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La Societe des Timides à la Parade des Oiseaux - Tranches De Temps Jet? CD (album) cover


La Societe des Timides à la Parade des Oiseaux



4.05 | 5 ratings

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5 stars How wonderful it is to learn of a previously unheard-of band with twenty years of rich musical history. La STPO have managed to avoid detection by our prog rock radars for far too long! Fortunately, it's not too late, as "Tranches de Temps Jeté" - their most recent release at the time of this review - sounds vital and fresh, performed by a band with undwindling enthusiasm and musical momentum.

Stylistically, the album falls on the border between avant-progressive and post-rock in the GY!BE vein. As you'd expect from such a combination, the music is at a considerable intellectual level. Vocals are sung (or more usually proclaimed in a strained, urgent voice) in at least three separate languages - whether this is a reward to polyglots or an attempt to shake you off the album's true concept, it is remarkable.

A great arsenal of varied and unusual instruments are employed to surprising effect, although the standard rock fall-backs still have an important role to play; a good example of this manic approach to instrumentation is the opening track, "I Cuento Blumen" which opens with glassy chimes and drones serving as a backdrop to a brief opening monologue. However, the song soon locks into a fast-paced, stripped down rock affair with a similar acid guitar tone to that found on Mars Volta albums - as the track progresses it grows, evolving into jangling post-guitar rock.

"Cet à-Mort Vibre l'Air" opens strikingly and menacingly - a deep ominous sound crashes against you like the tide, leaving this reviewer expecting a funeral doom metal song to unfold! Instead, the piece is far more abstract (although exactly as creepy as anticipated) and features stringy bass guitar abuse, echoing whispers and distant percussion, both tuned and not - the song doesn't have a discernable pulse for over half its length (shouldn't a Kayo Dot comparison appear here?) but it's hard to complain, as the follow-up "Jeune Fille Devant le Miroir" is an involved avant-rocker deserving of such progressive adjectives as "Beefheartian", "Fantômas-ish" and even "Henry Cow-esque."

Next, we have "L'Intitulé Crème" which is variously clickity-percussive and fluid, with obtusely silly vocals sung over plunging wound bass. Another song that's deliberately misleading and structurally vague, then, but it's short and rewards your patience with a well-timed return to the opening passages. This reviewer is put in mind of an impossible collaboration between Disco Volante-era Mr. Bungle and Gentle Giant at their most meandering (note that this is not necessarily a bad thing) - think "Edge of Twilight" but with some of the langurous beauty stripped out in favour of dada-tic havoc. "The Sounds of the City Seem Not to Disappear" pretends to grab the reins but descends into a glorious rant over semi-improvised avant-rock rumblings - again, Fantômas and Beefheart are your touchstones, but this song is something that grows way past the point of comparisons.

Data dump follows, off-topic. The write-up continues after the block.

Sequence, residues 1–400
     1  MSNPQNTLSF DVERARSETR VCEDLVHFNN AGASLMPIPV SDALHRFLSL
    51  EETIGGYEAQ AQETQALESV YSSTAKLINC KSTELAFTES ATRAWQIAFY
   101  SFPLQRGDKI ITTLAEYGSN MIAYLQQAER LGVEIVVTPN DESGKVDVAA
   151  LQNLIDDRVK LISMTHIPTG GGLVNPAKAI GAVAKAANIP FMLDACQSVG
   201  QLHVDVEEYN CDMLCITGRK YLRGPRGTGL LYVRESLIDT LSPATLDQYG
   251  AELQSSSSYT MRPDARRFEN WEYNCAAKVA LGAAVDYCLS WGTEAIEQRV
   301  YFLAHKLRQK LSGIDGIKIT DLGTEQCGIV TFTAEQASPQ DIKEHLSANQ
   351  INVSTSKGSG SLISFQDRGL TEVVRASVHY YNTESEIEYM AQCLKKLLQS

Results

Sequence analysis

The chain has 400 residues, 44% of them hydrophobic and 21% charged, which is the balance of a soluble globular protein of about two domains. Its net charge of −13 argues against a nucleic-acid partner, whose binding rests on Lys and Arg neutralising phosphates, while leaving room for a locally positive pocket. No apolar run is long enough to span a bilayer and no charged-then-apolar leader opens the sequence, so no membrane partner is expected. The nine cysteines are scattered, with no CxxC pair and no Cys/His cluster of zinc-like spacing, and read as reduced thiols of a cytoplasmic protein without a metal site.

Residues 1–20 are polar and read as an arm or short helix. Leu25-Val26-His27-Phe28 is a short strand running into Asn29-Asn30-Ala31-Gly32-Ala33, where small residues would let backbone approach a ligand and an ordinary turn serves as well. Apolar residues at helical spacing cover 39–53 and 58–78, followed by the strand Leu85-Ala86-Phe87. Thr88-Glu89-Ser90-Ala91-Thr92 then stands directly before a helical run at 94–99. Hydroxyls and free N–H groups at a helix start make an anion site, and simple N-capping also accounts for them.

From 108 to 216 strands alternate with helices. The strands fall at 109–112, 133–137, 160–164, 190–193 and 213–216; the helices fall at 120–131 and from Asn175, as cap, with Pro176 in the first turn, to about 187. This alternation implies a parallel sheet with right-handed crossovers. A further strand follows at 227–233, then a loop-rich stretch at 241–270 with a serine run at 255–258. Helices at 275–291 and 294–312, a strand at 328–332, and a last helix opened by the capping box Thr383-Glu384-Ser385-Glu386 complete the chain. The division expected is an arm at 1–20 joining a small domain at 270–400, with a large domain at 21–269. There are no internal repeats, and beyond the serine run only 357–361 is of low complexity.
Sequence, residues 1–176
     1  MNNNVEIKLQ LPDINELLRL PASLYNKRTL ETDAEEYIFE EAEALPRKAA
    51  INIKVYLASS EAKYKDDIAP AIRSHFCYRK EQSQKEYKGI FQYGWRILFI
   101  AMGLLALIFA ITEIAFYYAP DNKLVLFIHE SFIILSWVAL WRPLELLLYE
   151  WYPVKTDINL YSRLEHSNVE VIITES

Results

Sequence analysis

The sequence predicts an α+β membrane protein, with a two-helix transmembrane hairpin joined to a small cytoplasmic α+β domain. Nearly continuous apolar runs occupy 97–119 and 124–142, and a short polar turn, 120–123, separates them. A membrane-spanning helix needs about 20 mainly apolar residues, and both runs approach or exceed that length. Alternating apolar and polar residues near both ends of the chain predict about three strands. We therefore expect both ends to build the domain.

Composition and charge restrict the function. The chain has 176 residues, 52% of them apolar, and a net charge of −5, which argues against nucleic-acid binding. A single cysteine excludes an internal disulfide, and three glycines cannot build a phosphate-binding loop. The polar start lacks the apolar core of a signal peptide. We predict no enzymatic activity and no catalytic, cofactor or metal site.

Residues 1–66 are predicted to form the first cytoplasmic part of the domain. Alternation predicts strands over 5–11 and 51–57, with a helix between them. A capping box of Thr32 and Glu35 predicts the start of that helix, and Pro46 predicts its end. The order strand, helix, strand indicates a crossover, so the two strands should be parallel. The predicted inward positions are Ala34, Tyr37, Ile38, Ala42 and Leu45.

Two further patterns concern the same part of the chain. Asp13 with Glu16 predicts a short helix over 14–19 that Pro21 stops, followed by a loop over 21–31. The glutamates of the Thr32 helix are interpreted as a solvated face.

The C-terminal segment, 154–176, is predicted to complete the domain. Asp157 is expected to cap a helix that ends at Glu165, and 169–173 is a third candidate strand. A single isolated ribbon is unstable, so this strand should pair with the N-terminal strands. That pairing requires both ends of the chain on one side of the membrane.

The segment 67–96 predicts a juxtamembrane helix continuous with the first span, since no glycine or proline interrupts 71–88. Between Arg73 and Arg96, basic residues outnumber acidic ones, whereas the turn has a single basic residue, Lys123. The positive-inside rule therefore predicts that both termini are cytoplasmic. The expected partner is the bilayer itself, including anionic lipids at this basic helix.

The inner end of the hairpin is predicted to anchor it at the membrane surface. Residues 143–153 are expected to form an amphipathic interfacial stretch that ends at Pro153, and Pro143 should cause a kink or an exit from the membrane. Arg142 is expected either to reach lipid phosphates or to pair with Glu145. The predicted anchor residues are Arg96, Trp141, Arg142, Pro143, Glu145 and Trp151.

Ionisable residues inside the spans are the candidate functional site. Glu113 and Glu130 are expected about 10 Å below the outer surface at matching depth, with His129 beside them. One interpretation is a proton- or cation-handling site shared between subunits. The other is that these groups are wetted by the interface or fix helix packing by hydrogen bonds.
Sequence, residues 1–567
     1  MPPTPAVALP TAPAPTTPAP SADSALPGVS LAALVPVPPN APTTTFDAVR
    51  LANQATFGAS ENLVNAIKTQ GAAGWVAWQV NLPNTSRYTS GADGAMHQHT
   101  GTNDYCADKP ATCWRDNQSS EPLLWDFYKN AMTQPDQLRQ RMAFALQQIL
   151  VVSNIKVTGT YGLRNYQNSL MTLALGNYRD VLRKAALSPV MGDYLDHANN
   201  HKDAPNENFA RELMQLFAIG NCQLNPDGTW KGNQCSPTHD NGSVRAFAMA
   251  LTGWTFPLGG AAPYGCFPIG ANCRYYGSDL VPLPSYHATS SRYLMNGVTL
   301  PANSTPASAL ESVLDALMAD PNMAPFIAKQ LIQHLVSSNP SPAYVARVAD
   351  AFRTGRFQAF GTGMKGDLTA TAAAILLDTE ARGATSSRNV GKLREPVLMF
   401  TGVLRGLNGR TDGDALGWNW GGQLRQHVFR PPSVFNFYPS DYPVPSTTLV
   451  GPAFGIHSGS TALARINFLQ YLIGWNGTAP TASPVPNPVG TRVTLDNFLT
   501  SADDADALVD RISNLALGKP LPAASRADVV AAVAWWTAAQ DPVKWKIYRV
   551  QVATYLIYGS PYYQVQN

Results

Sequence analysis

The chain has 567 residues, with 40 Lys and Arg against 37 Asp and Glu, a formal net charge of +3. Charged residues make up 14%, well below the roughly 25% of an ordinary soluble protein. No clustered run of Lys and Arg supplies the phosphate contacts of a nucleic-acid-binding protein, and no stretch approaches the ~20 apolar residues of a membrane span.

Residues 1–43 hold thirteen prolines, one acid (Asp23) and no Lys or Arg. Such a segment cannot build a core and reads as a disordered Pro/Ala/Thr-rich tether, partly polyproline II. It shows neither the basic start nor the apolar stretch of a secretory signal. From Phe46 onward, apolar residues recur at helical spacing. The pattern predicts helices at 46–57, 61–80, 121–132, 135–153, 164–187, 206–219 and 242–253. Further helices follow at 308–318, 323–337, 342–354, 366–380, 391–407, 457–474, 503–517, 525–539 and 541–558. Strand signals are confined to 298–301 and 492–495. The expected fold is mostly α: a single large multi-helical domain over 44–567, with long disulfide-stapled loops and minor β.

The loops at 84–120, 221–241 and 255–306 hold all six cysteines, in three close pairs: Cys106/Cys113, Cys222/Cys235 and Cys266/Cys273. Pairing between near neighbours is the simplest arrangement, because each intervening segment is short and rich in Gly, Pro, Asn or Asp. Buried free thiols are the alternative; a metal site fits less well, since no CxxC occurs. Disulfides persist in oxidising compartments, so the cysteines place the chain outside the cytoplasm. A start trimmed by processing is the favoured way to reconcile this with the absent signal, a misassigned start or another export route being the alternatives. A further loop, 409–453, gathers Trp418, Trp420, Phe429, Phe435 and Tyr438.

The closer "Lorsque" promises and delivers the furious anti-epic that La STPO have hinted at and snatched away at times during the album. Growing out of a furious zeuhl bass-line, the song is fed energy via guitar and marimba-skree until the delicate drumline is confident enough to unfurl its wings. From here we have Mogwai meeting Isis meeting a group of french surrealists with enough imagination to hijack the proceedings and take it in an unprecented and dizzying direction.

If you enjoyed Kayo Dot's "Dowsing Anemone with Copper Tongue" and can afford an album right now, don't hesitate to make it "Tranches de Temps Jeté" as it is strikingly similar in places. However, don't let this comparison put you off as there's plenty of fun to be had here, even for a relative newcomer but especially for those of you who like their music challenging, alternatingly dense and spacy and most of all - uncontainably inventive.

laplace | 5/5 |


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